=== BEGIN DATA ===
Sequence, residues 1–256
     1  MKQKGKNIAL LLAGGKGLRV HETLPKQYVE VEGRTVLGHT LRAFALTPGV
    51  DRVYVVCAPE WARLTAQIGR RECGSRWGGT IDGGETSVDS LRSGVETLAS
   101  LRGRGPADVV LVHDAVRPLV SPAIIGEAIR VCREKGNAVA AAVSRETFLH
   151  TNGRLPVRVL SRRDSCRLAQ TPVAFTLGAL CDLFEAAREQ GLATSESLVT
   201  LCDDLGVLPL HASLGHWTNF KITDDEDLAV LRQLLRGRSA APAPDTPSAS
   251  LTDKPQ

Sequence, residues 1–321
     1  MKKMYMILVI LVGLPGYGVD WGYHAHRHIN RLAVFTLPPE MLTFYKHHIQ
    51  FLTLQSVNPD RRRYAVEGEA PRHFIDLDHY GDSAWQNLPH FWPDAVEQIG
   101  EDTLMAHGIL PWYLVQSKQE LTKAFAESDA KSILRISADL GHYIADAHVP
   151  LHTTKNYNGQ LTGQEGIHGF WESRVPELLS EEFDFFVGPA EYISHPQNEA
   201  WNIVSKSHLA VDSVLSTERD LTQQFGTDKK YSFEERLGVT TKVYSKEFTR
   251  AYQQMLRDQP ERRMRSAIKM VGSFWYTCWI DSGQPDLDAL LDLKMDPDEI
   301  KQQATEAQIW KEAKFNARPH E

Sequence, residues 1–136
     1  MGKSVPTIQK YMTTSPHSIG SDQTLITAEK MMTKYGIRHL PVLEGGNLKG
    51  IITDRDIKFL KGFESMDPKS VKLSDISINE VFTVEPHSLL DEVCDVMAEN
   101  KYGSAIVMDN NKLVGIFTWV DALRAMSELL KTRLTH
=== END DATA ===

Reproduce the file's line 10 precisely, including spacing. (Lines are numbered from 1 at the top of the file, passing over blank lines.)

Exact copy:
    51  FLTLQSVNPD RRRYAVEGEA PRHFIDLDHY GDSAWQNLPH FWPDAVEQIG